Police officers in Baltimore, Maryland, are assuming responsibility for an investigation into the death of a foster child at a group home, alleging that the child's demise may have been related to previous abuse. The 10-year-old died at the group home, where he had been living for some time after suffering a traumatic brain injury as a youth. The boy's grandmother said she had been attempting to gain custody of the child, but he was sent to foster care because of allegations of abuse against his mother.
Official reports show that the child was one of several disabled children who resided at a group home that was operated by Life Line in Laurel, Maryland. That home was in the process of being decommissioned after inspections revealed issues with the standard of care being provided to the residents. The children who were still housed in that facility have since been moved. The boy died on July 2.
It is still unclear whether the boy's initial brain injury -- suffered when he was 3 years old -- was to blame for his death, or if actions taken by staff at the group home led to the fatality. Investigators say it may be difficult to tease that information out of the situation, especially considering that those with such serious disabilities often die unexpectedly from natural causes. Official reports show that the boy's mother had entered an Alford plea when faced with child abuse charges the year after the boy's brain injury; she maintained her innocence but admitted that there was likely enough evidence to convict if taken to trial.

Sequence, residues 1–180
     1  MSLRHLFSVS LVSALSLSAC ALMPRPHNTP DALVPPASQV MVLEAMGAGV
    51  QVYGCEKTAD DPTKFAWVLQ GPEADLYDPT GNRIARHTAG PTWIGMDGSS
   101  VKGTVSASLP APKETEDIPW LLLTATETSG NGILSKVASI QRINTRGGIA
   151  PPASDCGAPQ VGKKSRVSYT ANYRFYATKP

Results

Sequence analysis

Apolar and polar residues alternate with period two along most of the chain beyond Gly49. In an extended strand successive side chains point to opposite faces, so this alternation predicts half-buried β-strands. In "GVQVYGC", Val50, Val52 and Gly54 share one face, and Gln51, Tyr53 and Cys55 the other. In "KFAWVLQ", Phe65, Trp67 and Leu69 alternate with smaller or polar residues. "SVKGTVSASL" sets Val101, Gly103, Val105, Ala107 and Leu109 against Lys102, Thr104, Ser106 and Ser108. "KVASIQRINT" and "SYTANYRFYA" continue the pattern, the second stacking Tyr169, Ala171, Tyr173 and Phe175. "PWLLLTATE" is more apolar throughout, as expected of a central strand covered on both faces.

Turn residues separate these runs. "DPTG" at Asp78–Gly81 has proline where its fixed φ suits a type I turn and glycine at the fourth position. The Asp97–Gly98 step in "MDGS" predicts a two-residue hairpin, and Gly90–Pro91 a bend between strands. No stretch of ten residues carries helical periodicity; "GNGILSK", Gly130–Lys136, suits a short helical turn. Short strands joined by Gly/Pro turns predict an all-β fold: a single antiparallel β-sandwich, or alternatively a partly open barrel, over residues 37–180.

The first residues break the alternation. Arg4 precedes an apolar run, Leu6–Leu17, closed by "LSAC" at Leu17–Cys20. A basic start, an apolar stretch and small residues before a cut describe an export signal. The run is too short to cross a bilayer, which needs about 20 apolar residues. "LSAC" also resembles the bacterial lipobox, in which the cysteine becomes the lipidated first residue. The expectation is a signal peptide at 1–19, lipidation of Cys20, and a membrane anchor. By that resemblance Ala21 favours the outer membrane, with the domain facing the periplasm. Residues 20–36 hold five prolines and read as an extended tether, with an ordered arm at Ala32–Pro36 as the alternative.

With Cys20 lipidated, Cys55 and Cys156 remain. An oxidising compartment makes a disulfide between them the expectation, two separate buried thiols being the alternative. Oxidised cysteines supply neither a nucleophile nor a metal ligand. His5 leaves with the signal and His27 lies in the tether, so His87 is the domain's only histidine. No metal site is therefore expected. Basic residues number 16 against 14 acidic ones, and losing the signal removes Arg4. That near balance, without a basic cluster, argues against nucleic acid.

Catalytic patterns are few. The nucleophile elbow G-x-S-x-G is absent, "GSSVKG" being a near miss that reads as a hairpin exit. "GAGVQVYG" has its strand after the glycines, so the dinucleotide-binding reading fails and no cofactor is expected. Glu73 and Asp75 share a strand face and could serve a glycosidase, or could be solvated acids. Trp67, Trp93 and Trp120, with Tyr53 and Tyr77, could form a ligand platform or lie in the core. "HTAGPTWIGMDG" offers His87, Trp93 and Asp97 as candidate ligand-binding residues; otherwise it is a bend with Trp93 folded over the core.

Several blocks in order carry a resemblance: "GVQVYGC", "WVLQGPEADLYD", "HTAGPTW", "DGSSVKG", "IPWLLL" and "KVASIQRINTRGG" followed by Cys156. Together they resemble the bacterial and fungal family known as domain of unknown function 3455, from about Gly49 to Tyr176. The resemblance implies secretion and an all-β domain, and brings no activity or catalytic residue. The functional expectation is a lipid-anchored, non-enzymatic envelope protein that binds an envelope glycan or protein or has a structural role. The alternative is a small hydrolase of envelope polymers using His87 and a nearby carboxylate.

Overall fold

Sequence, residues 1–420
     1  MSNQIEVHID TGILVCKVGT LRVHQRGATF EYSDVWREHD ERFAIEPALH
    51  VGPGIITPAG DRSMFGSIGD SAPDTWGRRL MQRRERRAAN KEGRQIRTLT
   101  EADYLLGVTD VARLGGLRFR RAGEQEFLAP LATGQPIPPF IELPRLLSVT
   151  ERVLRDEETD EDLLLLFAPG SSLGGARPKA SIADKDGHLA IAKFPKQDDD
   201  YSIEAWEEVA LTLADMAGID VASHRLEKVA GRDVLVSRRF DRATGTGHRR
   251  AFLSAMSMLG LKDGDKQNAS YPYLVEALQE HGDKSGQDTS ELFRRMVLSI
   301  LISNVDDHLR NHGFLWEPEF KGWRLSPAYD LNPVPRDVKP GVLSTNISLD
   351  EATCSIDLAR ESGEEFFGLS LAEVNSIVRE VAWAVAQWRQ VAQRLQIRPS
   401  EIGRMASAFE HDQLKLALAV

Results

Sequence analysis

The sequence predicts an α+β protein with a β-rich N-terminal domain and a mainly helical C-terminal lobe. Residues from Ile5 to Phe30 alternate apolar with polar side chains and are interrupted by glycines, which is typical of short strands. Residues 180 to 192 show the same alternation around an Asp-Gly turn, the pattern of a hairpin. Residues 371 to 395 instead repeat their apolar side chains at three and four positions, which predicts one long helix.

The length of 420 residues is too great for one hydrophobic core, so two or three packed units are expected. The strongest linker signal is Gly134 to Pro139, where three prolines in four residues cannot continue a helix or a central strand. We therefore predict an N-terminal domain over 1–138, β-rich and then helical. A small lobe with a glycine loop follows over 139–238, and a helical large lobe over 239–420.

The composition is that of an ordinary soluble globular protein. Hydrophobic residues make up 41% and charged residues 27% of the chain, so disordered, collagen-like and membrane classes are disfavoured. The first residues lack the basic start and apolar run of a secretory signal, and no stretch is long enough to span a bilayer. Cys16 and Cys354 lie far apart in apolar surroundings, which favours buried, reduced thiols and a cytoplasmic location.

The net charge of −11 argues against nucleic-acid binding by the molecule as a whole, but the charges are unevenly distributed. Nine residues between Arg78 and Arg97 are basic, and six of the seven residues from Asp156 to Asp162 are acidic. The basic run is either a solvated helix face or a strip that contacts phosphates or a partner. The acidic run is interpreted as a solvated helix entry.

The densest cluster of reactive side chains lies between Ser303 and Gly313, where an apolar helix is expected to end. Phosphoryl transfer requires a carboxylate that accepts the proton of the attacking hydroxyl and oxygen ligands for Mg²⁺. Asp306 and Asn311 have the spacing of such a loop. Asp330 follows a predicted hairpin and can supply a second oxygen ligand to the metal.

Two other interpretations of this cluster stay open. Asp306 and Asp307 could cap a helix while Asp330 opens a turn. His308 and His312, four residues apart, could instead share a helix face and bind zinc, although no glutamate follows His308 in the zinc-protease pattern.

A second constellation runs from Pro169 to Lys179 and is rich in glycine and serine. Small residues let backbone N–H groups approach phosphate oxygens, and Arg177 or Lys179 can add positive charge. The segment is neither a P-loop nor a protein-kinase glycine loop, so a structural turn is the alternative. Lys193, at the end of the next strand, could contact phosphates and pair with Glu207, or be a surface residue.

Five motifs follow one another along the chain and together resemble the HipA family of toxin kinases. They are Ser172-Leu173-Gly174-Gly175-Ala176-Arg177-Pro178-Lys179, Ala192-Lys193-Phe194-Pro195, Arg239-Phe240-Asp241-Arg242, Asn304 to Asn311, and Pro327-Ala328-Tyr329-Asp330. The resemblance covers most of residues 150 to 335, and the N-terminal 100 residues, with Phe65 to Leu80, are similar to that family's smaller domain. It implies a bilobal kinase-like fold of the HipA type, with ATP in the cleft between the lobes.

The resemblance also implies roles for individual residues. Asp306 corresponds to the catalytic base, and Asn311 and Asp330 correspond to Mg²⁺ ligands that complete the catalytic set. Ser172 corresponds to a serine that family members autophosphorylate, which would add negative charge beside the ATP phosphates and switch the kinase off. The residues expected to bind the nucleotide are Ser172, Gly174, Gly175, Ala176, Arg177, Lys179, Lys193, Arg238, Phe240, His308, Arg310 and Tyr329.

Children who remain in long-term care because of child injury deserve the highest standard of treatment. If the group home is found liable for the child's death, it is possible that the family members may choose to file a civil suit against that entity. In addition to hospitals and other care facilities, group homes for disabled youth may also be held responsible for the negligent deaths of their residents.
Source: WBAL-TV, "Boy dies at Laurel home for disabled foster children Investigators look into abuse from years past" George Lettis, Jul. 11, 2014